Spending time in nature can also help young, overwhelmed brains. Research has shown that interacting with nature has incredible cognitive benefits. In a 2019 review, University of Chicago psychologist Marc Berman, PhD, and his student Kathryn Schertz reported that green spaces near schools promote cognitive development in children and green views near children’s homes promote self-control behaviors. Further, experiments have found that being exposed to natural environments improves working memory, cognitive flexibility, and attentional control.
6. Cultivate Environmental Stewardship
How do you instill a sense of environmental stewardship in a student population obsessed with the modern complexities of technology? Environmental education offers students the ability to learn about the interconnectedness of ecosystems, the importance of biodiversity, and their personal role in protecting and preserving the environment for future generations.
The term “environmental stewardship” includes a wide range of actions aimed at protecting and sustaining the environment. While these actions may include establishing protected areas, reforestation efforts, sustainable resource management practices, pollution reduction measures, community gardening initiatives, habitat restoration projects, and the promotion of sustainable products, experts argue that the change has to happen internally and personally.
A report from the National Library of Medicine highlights the importance of environmental stewardship as a holistic concept that guides productive and long-lasting relationships with the environment. This report, along with other thought leadership resources, emphasizes the connection between local communities and their environment, recognizing that when the environment becomes personal and local, its importance becomes magnified.
7. Develop Science Literacy
Integrating environmental education into the curriculum enhances science literacy by helping students gain a solid foundation in ecological concepts, scientific inquiry, and data analysis, enabling them to understand and contribute to scientific advancements.
A report by California State Superintendent of Public Instruction Tom Torlakson, a long-time champion of science literacy, stated: “We live in an era of easy access to technology, where it is often simpler for students to stay indoors than to venture outside and discover how to learn from and engage with the world around them. Fostering environmental literacy gives educators the opportunity to nurture the ‘whole child,’ to learn about and understand nature, and to inspire students to ask meaningful questions about the world around them and their role in it.”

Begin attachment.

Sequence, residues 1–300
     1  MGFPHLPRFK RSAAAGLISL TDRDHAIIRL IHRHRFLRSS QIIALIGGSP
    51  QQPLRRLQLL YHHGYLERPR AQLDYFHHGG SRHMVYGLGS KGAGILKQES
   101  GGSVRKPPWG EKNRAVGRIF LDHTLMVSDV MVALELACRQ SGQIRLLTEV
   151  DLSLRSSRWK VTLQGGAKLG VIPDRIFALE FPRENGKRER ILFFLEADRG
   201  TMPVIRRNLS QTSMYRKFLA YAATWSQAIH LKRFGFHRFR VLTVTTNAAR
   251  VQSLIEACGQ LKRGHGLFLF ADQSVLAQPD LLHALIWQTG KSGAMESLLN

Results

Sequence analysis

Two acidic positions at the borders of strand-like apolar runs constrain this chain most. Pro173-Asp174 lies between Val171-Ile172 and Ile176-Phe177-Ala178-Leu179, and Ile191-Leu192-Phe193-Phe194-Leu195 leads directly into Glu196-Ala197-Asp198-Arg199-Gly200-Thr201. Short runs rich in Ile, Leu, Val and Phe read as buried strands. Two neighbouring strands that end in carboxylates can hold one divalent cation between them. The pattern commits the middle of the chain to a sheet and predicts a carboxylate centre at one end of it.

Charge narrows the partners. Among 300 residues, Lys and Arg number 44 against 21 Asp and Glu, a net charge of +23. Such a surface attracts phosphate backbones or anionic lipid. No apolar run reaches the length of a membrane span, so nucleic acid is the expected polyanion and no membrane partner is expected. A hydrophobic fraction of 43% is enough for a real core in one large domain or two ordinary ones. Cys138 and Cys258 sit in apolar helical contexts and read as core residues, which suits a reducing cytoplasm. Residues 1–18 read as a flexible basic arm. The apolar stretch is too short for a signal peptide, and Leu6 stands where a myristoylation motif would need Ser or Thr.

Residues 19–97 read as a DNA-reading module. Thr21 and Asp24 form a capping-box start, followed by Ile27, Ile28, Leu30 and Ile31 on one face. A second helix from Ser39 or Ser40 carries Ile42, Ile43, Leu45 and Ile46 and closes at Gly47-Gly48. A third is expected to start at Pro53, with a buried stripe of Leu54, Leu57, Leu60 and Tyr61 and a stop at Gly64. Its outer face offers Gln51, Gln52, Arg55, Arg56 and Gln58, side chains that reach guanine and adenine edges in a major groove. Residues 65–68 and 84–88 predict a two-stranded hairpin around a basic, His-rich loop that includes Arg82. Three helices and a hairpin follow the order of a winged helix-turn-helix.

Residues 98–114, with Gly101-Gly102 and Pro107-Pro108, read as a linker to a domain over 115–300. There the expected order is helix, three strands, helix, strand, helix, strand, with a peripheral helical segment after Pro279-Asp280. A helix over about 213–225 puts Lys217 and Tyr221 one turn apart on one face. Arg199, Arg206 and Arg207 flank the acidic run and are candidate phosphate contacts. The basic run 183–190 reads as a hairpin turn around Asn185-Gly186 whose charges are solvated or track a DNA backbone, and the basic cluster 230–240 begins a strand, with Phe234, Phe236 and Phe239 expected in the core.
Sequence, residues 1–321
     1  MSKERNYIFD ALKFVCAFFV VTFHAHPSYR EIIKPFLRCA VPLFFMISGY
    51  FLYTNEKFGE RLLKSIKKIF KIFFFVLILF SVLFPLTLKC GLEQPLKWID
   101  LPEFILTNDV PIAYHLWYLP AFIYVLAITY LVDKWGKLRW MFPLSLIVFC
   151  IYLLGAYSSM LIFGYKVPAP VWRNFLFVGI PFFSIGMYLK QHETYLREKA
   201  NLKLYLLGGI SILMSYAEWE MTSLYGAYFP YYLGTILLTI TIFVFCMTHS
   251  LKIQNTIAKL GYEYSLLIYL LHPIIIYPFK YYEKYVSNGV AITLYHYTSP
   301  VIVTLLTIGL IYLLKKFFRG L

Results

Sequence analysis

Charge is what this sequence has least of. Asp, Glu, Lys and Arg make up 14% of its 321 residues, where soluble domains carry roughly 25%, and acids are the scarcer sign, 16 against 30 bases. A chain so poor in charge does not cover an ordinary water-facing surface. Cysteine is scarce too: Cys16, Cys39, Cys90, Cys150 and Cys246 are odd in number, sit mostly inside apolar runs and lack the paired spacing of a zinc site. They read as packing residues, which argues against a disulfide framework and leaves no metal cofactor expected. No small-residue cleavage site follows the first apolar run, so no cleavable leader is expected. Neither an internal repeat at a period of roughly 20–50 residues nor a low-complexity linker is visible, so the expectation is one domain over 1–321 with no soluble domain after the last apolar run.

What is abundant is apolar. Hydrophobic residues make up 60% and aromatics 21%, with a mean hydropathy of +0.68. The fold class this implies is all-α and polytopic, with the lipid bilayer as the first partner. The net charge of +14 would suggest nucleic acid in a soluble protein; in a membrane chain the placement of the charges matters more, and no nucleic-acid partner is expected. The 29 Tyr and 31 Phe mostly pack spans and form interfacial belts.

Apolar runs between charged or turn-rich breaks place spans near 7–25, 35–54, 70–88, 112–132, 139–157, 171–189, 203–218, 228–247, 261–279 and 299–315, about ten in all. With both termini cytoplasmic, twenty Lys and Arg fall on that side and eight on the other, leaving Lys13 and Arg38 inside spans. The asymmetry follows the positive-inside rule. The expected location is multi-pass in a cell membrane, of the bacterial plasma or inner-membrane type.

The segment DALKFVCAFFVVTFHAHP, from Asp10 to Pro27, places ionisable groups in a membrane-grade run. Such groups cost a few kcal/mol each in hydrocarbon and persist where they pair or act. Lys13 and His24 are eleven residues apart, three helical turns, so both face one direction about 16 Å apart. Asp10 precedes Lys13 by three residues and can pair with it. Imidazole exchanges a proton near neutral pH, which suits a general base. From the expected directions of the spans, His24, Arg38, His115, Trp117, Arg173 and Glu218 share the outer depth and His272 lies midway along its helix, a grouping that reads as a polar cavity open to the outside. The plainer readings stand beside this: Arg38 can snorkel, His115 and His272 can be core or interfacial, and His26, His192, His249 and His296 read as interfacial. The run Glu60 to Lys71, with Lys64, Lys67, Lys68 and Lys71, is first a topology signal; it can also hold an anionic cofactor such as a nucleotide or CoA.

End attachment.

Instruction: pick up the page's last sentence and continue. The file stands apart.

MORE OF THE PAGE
8. Foster Global Citizenship
By learning about global environmental issues, students gain a broader perspective, understand the interconnectedness of the world, and develop empathy towards diverse communities and ecosystems.
Researchers and educators stress the importance of integrating global perspectives and cross-cultural understanding across all subjects in order to instill a “bigger than me” value with which students can identify. According to author Ishita Jain, global citizenship also often “requires collaboration between educators, policymakers, and communities to create inclusive and culturally diverse learning environments. Furthermore, the use of technology and digital tools can facilitate global collaborations and connect students with peers from different parts of the world, fostering a sense of global community.”
9. Encourage Career Opportunities
Exposing students to a wide range of career opportunities in environmental fields, such as conservation, sustainability, renewable energy, and environmental policy can be encouraged through environmental education, and play a big role in shaping our future.
From jobs in the nonprofit sectors, education, and in government organizations, environmental education combines real-world, practical experience with academics, allowing students to explore and pursue a host of future-imperative opportunities post graduation.
From education centers to organizations coordinating eco-advocacy activities to institutions compiling environmental research to government organizations like the New York State Department of Environmental Conservation (NYSDEC), the Department of Agriculture (USDA), the Environmental Protection Agency (EPA), and more, the world is filled with careers that rely on environmental education to help shape and evolve their programs.
10. Empower Youth Voice and Action
Empowering students to use their voice and take action on environmental issues also nurtures leadership skills, civic engagement, and activism, enabling students to make a positive impact on their communities and advocate for environmental change.
According to one peer-reviewed journal report, “one way to increase civic engagement among youth is through environmental education, which aims to increase awareness, knowledge, and behaviors associated with natural processes and environmental challenges. Environmental education, however, is more complex than simply sharing information about natural processes and climate change, it must also include effective strategies for solving emerging environmental challenges.”
And we’ve seen in recent years that young people are already excited about joining the cause to advocate for the environment. Youth across the world continue to demand stronger action from the educational, political, and industrial organizations around them. That means it’s up to our educational system to make the commitment to improve and advance climate change education.
At the end of the day, environmental education is not a mere afterthought in a curriculum; it is an indispensable cornerstone of any K–12 institution. It goes beyond textbooks and classrooms, empowering students to embrace environmental awareness, champion sustainability, sharpen critical thinking, and embrace global citizenship. With these powerful tools at their disposal, students will be primed to take on the complex environmental challenges of our time and emerge as responsible stewards of the planet.